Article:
The multinational defence research, development and procurement programmes are anticipated to become an even more common occurrence in the future compared with what has been accomplished in the past, but those will only be as successful as their partnering nations find a common language by defining their requirements and rules of cooperation. In fact, no State is able to afford to research, develop and produce by itself a significant defence programme anymore. Therefore, some further specialisation among the nations seem be needed. The principle of healthy competition among the companies within a programme to maximise economic efficiency within the EDTIB and industrial base in definitely the right approach. In this context, the EDTIB was designed to supply the EU with cutting-edge technology and defence equipment, the only logical solution to maintain the EU’s defence independence and to take advantage of possible economic opportunities with dual-use technological applications.
The new regulations can lay the groundwork for the thorough transformation of the European defence market and represent an interesting tool for this one. New interpretation of the Article 346 aims to make its application an exception, reserved for the protection of truly “significant” national security interests and to facilitate the development of an EU defence equipment market that will increase industrial competition, reduce duplication and lower prices. But the question is how to define what constitutes “necessary for the protection of the essential interests of its security” ? For Polish officials (and for several other member states), it is a high risk that the less competing companies will be definitely eliminated from the market. Such a situation could damage their security and economic interest leading to a fragmented and economically ineffective defence sector. In this context, the greatest danger would be the increase the dependence on supply of equipment from the US. Poland remains opposed to the proposal from the Commission to narrow down the use of Article 346.
New defence procurement legislation came into force in Poland on 20 February 2013 which brings the country’s procurement system for defence equipment in line with EC directive (2009/81/EC). Major implications of the new rules are that Poland's defence procurement has become opened up to EU member states and their defence companies first of all. On the other side, this directive will significantly reduce protectionist practices, as offset agreements, considered vital for security supply. Indeed, the Poland and several other European countries attach a high importance to direct offsets to hold up national defence industry. The removal of offsets would have the important impact on the Polish defence industries some of which could disappear. Until the end of 2010, the Poland concluded 16 offset agreements with foreign contractors with the value of USD 8 billion. For Poland, these are the States which should decide on the use of the offset.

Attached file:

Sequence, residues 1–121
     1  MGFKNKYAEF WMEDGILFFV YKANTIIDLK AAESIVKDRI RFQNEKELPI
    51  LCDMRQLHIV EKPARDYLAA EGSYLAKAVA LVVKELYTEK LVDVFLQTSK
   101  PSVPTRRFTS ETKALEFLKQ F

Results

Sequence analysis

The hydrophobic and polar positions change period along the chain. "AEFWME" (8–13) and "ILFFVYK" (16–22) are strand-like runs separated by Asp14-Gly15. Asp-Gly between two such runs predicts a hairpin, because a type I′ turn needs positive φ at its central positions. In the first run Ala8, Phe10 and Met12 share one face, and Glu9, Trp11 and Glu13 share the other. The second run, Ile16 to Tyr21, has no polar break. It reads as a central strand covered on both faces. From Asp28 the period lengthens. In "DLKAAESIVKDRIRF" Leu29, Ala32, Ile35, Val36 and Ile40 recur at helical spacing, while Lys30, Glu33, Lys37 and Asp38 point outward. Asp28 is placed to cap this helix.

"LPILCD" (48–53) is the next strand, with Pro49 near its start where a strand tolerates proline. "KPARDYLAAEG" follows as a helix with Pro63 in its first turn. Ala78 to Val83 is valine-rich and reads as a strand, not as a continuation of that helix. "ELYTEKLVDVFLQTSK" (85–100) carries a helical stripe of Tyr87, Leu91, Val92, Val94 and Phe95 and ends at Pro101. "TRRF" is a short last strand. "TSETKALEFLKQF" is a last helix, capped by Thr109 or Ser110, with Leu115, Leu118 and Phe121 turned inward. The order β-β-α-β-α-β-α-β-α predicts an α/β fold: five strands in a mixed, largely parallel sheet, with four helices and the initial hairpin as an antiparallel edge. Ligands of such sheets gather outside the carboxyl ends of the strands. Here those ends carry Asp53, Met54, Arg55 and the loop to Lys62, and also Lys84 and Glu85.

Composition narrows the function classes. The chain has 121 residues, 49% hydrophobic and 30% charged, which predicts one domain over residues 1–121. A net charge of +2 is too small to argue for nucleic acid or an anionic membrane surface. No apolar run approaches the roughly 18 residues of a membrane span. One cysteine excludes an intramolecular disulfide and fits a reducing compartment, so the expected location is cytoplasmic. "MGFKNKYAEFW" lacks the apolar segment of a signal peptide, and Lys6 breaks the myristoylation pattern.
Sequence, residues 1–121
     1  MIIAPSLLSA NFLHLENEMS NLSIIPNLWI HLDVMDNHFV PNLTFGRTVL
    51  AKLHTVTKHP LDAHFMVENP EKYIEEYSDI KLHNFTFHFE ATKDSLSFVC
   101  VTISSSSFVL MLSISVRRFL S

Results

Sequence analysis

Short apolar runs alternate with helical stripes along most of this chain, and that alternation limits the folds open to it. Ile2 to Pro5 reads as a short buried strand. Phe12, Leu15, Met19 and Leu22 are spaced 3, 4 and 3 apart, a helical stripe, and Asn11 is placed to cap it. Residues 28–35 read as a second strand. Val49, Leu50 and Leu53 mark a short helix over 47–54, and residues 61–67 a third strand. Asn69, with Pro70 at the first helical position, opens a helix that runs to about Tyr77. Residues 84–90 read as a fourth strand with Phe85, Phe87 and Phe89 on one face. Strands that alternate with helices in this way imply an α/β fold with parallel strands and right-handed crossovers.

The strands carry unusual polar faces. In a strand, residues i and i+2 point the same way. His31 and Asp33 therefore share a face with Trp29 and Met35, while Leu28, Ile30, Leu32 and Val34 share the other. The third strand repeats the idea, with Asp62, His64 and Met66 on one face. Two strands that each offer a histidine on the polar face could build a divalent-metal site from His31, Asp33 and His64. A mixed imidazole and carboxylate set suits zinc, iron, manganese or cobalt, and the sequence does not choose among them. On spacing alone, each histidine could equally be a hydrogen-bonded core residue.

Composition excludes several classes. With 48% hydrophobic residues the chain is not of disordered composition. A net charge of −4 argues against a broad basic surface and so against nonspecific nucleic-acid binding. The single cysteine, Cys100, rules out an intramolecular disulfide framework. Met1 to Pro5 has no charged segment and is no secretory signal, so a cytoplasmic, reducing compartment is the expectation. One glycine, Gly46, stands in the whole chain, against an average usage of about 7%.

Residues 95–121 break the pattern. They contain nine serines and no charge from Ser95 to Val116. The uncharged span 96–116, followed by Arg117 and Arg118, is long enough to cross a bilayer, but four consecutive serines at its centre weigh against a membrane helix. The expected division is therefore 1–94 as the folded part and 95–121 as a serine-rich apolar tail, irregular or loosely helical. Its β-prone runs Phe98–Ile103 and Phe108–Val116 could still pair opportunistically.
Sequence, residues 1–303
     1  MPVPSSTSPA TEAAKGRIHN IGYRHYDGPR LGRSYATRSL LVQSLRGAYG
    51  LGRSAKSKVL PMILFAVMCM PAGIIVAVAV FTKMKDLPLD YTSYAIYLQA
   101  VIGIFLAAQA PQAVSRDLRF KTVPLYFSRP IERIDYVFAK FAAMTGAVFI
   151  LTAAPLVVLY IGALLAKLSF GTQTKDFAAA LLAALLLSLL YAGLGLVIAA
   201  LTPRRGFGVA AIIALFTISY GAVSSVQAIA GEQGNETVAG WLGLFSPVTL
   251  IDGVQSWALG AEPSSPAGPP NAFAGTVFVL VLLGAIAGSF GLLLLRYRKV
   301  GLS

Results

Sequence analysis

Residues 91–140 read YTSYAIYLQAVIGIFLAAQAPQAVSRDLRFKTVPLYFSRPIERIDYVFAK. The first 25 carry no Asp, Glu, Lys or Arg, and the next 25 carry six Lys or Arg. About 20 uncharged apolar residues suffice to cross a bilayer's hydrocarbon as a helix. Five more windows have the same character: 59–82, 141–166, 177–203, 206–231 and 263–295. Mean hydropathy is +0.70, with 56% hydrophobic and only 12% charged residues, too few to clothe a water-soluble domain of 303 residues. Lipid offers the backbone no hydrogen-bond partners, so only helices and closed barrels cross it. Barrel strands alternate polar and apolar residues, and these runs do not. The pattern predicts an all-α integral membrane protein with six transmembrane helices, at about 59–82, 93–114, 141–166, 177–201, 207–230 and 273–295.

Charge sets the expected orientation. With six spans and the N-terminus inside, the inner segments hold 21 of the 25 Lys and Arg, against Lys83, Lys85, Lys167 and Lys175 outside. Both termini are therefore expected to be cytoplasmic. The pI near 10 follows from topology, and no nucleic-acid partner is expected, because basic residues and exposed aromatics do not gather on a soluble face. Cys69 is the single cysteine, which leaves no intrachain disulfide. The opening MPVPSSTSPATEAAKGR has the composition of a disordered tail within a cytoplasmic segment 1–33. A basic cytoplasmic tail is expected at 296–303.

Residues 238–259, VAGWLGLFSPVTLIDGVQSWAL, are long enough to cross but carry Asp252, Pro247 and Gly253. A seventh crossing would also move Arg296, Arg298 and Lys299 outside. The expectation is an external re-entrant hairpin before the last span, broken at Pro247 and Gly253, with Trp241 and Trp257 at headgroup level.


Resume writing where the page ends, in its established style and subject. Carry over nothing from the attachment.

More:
The implementation of this directive and the next Council summit in December has spared debate on the final form of Poland’s industrial defence sector and the reflection on the future of European defence industry. During the recent years, Warsaw has adopted a mainly state-oriented defence model, with the State acting both as an industrial stakeholder and a customer. Still today are many who believe that the Polish industry these are only state-owned companies. A few years ago, the international cooperation in the field of defence was perceived as a danger rather than an opportunity for the Polish industry. The objective was to obtain a license production (through offset policy). It was not important whence the investor (EU, USA, etc.) came but how much he offered. This attitude resulted from the fact that Poland did not perceive the EU as an independent strategic player and did not want to engage in strengthening the CSDP. Fortunately, this approach is beginning to change and CSDP became one of important elements of Polish foreign and security policy.
To understand the Polish approach on the future of the EDTIB, it is useful to first quickly review a process of Polish defence industry consolidation.
Polish defence industrial restructuring began later than in the other countries in the region. The first Strategy for the Restructuring of Defence Industry was initiated in 1999. Its main goal aimed at fostering specialization of defence companies. In 2007, the Polish government decided that a fusion of military industry into a single holding Bumar is the most appropriate solution to consolidate capital as well as to boost R&D, marketing and export. This state-owned group incorporated 27 individual companies from the electronic and land branches. In total 40 companies are linked to the holding. HSW (responsible for assembly, among others, of Krab self propelled howitzer) and WZM Siemianowice (the manufacturer of Patria/‘Rosomak’ AMV), the two most important suppliers of armoured vehicles remain outside of the group, just like a dozen military and production and two main centres of shipbuilding.
In the meantime, the Polish government had launched the privatization process of 13 remaining defence companies. The revenues earned by the privatization of these companies were used to co-finance other restructuring activities. As a consequence of the strategy of structural transformation, the majority of the Polish defence industry will therefore remain state-owned.
In 2001, EADS/CASA acquired a 51 % stake in the small aircraft company PZL Warszawa-Okecie, and Pratt & Whitney Canada was selected in March 2002 by the Polish MoD as a strategic investor in the aircraft engine manufacturer WSK PZL Rzeszow. AgustaWestland, Pratt & Whitney and Sikorsky have taken over formerly state companies PZL Swidnik, WSK and PZL Mielec, respectively. The heartland of Poland's aerospace sector is now dubbed Aviation Valley. With these investments, the aerospace industry became the most competitive, providing components and aero structures for their parent companies. Thus, these aeronautic companies are integrated into the global supply chain as subsidiaries of leading European and US corporations.